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$1B In Battery Grants May Recharge MI Talent Base

As a business professor and former auto executive in Michigan, Gerald Meyers has seen his share of former colleagues and students leave the state. The state's economy has been shrinking along with its struggling auto industry.

DETROIT (AP) — As a business professor and former auto executive in Michigan, Gerald Meyers has seen his share of former colleagues and students leave the state.

The state's economy has been shrinking along with its struggling auto industry. And the brain drain is well-documented as the state struggles to keep its own college graduates, much less attract degreed newcomers.

"I can speak for my students, who are predominantly leaving the state," said Meyers, a University of Michigan business professor and former chairman of American Motors Corp. "It would be helpful — certainly in my conversations with them — if something is going on that suggests that the future is brighter here than it has been."

Meyers and state officials say a newly announced $1.36 billion injection into 11 companies and universities in Michigan might offer some of the best and brightest a reason to stay.

Obama administration officials this month announced $2.4 billion in federal grants to develop next-generation electric vehicles and batteries. Vice President Joe Biden made the announcement in Michigan, the single largest recipient of the grants.

These and other recent federal grants give the state a better shot at reversing the brain drain, veteran U.S. Rep. John Dingell told University of Michigan researchers and administrators.

"We hope we can keep them home so they can do those things to move our economy forward," said Dingell, a Dearborn Democrat who visited the Ann Arbor campus after the announcement. He has been instrumental over decades in steering research money to the school.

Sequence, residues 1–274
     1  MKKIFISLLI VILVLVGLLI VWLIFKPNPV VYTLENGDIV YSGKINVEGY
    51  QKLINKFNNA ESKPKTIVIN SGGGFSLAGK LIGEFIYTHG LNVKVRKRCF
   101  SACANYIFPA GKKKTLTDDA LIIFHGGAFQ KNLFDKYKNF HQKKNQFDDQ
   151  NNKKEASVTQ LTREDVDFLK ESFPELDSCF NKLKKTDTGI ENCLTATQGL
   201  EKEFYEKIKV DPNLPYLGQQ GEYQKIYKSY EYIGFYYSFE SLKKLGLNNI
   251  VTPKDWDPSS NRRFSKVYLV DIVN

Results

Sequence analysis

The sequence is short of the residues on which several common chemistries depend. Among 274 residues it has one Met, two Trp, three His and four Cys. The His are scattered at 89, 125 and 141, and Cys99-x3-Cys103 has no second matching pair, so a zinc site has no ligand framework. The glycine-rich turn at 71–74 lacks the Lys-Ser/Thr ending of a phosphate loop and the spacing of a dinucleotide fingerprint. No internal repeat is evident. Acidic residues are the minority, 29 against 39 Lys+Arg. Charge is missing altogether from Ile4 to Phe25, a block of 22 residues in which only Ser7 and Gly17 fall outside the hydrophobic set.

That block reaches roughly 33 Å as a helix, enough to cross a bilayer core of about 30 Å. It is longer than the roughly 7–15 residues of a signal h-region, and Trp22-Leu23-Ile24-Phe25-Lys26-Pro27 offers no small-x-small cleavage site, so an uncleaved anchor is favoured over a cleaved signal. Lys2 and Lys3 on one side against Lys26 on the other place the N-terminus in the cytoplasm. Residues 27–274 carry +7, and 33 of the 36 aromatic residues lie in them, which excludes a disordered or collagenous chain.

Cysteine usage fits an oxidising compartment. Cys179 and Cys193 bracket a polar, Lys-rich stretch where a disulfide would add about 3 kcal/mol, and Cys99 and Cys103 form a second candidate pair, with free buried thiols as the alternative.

Stephen Forrest, the university's vice president for research, said the state is rich in engineering and scientific talent but has lagged in turning those skills into new business ideas.

"We're very sensitive to the idea of brain drain," he said. What has been lacking, he said, has been the "management talent" to put those ideas to work.

Gov. Jennifer Granholm said the grants are important for keeping and developing tens of thousands of jobs because they cover everything from early research through final assembly — giving many graduates an opportunity to find in-state jobs in their fields of study.

"If we create a whole value chain for the battery industry, the opportunities for those workers are very, very ripe," she said.

The University of Michigan, Detroit's Wayne State University and Michigan Technological University in Houghton in the Upper Peninsula will receive $10.5 million for education and work-force training programs and other purposes.

If things go right, graduates will be able to walk right into newly created jobs in the region, said Wayne State engineering professor Simon Ng, director of that university's new Alternative Energy Technology degree program.

"It will be perfect timing," Ng said. "They will be able to employ these people when they graduate."

Meyers says the billion-dollar effort is a great economic stimulant but can't plug the brain drain by itself.

"What I hope is that it's an incentive for more," he said. "Some big shooters will say, 'Let's move some capital in that direction.'"

Michigan has had the nation's highest annual unemployment rate since 2006 — it reached 15.2 percent in June — and forecasters say it will climb further before it turns around. The state never regained its momentum after the 2001 recession, and the bankruptcies this summer of General Motors Corp. and Chrysler Group LLC hastened the steady stream of plant closings and layoffs.

Lou Glazer, president of Michigan Future Inc., a nonpartisan research organization in Ann Arbor, said "quality of place," particularly in urban centers, is at least equal to employment opportunities as a means of luring and keeping college graduates. And making the state's major cities more attractive by creating vibrant, "walkable" neighborhoods and developing mass transit systems historically has been challenging, but some efforts are under way.

"It's the two together that end up being the ingredients that allow you to fundamentally change ... the location decision of talent in general and young people in particular," he said.

Still, Glazer said, the boost for the nascent battery and hybrid technology market is the right kind of move on the economic development side.

"Just in and of itself, it creates new job opportunities for talent and the state needs that," he said. "It's in an emerging industry, which has good buzz, which the state needs. All that stuff is an absolute plus.

"The state should feel really good."